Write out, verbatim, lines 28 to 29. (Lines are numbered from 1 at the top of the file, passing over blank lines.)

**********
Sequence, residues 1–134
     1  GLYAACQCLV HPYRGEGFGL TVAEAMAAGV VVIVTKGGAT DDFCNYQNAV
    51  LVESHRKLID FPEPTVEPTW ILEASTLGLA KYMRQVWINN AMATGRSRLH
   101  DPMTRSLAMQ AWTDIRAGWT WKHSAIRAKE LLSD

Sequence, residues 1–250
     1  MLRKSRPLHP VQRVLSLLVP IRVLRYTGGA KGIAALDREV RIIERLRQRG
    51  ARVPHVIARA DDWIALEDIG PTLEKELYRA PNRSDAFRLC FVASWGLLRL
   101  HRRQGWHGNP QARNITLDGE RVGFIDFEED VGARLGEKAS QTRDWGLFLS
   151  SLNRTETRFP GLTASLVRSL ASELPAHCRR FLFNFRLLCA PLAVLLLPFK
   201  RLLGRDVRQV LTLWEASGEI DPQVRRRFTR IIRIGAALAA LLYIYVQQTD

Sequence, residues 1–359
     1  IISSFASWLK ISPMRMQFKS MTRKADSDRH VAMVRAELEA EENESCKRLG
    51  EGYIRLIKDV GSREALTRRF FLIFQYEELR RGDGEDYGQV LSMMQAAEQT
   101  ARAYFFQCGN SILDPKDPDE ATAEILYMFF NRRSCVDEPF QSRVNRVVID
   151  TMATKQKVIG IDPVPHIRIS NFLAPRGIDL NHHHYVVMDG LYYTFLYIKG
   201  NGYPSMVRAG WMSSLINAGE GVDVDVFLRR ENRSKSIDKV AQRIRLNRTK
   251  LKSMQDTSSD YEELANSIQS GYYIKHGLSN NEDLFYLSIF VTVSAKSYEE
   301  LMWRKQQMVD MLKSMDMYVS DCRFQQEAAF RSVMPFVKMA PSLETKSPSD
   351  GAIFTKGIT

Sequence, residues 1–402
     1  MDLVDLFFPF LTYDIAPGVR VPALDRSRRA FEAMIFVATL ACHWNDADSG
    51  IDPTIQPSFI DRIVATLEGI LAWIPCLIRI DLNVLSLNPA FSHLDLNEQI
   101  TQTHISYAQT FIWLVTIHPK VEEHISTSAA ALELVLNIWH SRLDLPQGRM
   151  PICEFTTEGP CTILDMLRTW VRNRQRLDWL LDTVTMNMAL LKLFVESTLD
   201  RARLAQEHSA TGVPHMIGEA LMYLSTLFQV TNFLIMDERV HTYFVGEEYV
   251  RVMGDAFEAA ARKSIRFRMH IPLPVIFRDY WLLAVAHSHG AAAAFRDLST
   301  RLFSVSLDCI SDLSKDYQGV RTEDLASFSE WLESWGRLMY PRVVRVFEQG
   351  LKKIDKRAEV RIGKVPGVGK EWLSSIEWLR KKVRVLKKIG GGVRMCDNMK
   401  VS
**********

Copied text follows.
   351  LKKIDKRAEV RIGKVPGVGK EWLSSIEWLR KKVRVLKKIG GGVRMCDNMK
   401  VS